It’s no surprise Thomas Swick started off by introducing the German term “Reisefieber” – translated as travel fever. He proclaimed that the Germans are some of the best travelers. It’s hard not to take his word as they had so cleverly come up with one word to describe our kind’s wanderlust. As I witnessed fiery desire light the eyes around the room, it was clear that “Reisefieber” was innate for all in attendance at the Travel Writing Workshop, led by lecturer and experienced travel writer Swick, this past Saturday at General provision.
Sure, it would have been easier to stay under the comfort of the sheets as the rain tapped on my windowsill and the cat lay purring diligently next to me. Or nurse my slight hangover with a peppery Bloody Mary – biting into the piquant garnishes while dreaming of last night’s electric noises still reverberating through me. It was my sacred weekend after all – two holy days – little did I know that Swick would distribute the “10 Deadly Sins of Travel Writing” and I would find sanctity in his words as I sunk deep into the stiffness of my chair, akin to a pew at church, coveting each eloquently pronounced word that fell from his mouth.
As Swick’s wisdom spilled forth our mouths filled with moist, dense, homemade pound cake. With each bite I hoped for the taste of velvety key lime frosting to sweetly sting my senses. There was a food blogger present, which seemed perfectly fortuitous; as the explorative traveler seeks to find culture and the best way to embody the culture of a foreign place is to consume the food. However, not all was as seamlessly synchronous as Swick informed us to never use cliché words such as “magical, mystical, adventurous, exotic, paradise,” yet these were the only words coming to mind each bite.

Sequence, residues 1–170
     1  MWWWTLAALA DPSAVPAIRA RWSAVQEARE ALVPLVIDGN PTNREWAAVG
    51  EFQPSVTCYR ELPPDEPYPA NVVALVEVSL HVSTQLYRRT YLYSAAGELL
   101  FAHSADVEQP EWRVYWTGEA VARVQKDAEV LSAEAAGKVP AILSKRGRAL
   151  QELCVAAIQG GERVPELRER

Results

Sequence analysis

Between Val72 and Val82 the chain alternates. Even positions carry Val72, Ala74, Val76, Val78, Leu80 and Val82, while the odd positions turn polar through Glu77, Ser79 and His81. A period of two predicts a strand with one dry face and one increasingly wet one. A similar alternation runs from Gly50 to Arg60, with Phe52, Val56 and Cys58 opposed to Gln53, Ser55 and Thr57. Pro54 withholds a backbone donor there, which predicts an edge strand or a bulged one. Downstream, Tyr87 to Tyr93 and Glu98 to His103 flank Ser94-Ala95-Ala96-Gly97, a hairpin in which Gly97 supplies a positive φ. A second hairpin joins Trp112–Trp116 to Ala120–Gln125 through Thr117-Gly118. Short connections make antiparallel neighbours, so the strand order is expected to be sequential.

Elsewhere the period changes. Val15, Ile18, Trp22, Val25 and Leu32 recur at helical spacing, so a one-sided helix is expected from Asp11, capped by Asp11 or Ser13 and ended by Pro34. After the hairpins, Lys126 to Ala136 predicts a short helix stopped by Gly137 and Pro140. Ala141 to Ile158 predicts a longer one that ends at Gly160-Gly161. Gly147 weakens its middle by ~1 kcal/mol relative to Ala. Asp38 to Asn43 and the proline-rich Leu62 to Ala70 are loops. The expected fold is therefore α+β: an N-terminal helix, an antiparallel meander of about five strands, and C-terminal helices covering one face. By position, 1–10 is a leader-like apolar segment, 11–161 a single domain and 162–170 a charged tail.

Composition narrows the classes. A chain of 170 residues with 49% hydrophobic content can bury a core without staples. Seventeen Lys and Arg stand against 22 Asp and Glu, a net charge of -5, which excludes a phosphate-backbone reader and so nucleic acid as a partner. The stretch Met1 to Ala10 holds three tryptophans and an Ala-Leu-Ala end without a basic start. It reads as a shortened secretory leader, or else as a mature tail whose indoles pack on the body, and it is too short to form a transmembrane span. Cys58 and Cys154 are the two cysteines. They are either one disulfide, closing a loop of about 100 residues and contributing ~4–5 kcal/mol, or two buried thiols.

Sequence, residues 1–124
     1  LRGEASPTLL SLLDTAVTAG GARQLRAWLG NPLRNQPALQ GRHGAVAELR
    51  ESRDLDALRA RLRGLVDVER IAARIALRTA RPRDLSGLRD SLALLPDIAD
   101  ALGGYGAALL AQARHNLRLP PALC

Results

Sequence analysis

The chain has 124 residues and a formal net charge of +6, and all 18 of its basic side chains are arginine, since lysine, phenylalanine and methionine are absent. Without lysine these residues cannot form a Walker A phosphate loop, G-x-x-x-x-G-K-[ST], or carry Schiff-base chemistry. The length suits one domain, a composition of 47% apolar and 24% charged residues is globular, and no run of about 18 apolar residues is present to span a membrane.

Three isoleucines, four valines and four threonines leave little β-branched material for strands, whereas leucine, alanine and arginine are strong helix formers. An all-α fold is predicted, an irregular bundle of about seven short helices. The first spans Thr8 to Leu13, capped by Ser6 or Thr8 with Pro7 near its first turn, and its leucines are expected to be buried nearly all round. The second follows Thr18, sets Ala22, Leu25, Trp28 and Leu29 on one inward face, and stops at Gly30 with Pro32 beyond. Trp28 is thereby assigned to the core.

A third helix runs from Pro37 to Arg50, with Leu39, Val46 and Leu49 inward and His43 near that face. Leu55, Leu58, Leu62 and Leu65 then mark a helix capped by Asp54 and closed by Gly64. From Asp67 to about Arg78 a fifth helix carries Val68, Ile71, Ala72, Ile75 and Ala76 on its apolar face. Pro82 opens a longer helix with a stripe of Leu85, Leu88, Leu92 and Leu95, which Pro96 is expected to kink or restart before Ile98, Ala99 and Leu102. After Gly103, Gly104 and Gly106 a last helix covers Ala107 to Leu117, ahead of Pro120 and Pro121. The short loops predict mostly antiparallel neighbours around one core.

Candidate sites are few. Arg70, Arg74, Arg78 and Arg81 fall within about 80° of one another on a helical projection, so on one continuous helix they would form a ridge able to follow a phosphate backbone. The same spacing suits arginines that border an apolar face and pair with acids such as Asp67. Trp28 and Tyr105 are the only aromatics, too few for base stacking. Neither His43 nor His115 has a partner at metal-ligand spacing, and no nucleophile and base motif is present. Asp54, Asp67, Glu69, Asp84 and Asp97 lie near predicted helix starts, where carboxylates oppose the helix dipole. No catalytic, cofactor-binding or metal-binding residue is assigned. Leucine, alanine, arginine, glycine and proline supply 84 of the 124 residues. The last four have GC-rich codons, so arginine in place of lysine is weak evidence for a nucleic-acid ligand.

As the workshop progressed I found myself split between two worlds; the student, feverishly scratching out notes of Swick’s ardent advice; and the traveler, wandering away on flights of fancy yearning to put it all together – to put these plans into action. I wanted to be holding a notebook in the luscious parks of Berlin; dividing the pages in two by pen: One half for fervent notes jotted down while observing passersby, the other for deep reflection while drinking a club mate and vodka later that night in a bar. I must be careful not to neglect the back of the divided page, reserved for sketching the scenery by hand; sloppily translating the minutiae only observable by the human eye through my pen in hand. These are the images that a camera could capture, but I would glance over as the viewfinder is too small and the shutter release too convenient to really see what’s in the moment.
More than anything, this workshop resurrected the burning fever for finding the world that is sometimes subdued by the mundane day to day. The reignited flame is taunted, provoked even, by the changing direction and strengths of the wind, tearing little metaphorical pieces of me to be carried off into the unknown – the next destination to sink my teeth into. As perfectly stated by our lecturer Swick, “the best kinds of trips are the ones where you can leave a little piece of yourself behind.”